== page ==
The established church of the Russian empire up to the revolution of 1917, at which time the ruling Communist party tried to suppress all religious worship. The czar was the nominal head of the church, but he never claimed the right of deciding questions of theology and dogma. It still forms a portion, by far the largest, of the Orthodox (Eastern) Church and is governed by the Patriarch and the Holy Synod. In 1988 the church, with official approval, celebrated the 1000 year anniversary of the baptism of Russia. After breakup of the Soviet Union in 1991 the Russian Church began to regain some its old influence in Russian life, and the government turned over some of the confiscated churches back to church control. The Russian Church was recognized anew as the official church of Russia, with special priveleges, by an act of the Russian Duma in 1997. The Metropolitan of Moscow, as Patriarch of the church, is regarded as the first among equals in order of deference among bishops of the church.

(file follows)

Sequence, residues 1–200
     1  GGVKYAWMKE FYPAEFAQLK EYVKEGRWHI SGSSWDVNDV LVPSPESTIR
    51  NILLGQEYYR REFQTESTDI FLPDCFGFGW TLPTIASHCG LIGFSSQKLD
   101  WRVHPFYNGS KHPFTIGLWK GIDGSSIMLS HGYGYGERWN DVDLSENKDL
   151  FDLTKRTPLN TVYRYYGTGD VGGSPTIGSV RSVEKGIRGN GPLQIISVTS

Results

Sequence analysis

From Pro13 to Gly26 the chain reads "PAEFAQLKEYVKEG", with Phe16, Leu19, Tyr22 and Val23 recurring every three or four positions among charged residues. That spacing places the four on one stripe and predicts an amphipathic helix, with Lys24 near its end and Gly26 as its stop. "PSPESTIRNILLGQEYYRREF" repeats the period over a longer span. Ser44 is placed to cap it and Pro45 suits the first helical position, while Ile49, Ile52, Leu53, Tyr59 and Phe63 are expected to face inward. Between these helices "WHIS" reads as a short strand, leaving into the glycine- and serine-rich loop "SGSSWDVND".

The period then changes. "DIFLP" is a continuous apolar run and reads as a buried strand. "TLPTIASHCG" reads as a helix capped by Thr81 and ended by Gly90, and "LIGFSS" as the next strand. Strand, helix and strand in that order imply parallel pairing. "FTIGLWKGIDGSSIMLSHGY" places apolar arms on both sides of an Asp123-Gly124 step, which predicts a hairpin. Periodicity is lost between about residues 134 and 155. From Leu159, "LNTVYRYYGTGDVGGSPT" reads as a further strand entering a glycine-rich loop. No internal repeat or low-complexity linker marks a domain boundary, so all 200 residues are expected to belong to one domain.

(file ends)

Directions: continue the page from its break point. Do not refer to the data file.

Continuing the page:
the main church within Russia. It is a form of Christianity.
an independent church with its own Patriarch; until 1917 it was the established church or Russia
An Eastern Orthodox Christian church, established as independent of the ancient Patriarchate of Constantinople in the 15th century. In 1589, the Eastern Orthodox hierarchs in Constantinople granted the Russian church official status as a patriarchate, along with Constantinople, Antioch, Alexandria, and Jerusalem.
The Russian Orthodox Church , also known as the Orthodox Christian Church of Russia, is that body of Christians who are united under the Patriarch of Moscow, who in turn is in communion with the other patriarchs and primates of the Eastern Orthodox Church. In this way Russian Orthodox believers are in communion with all other Eastern Orthodox believers.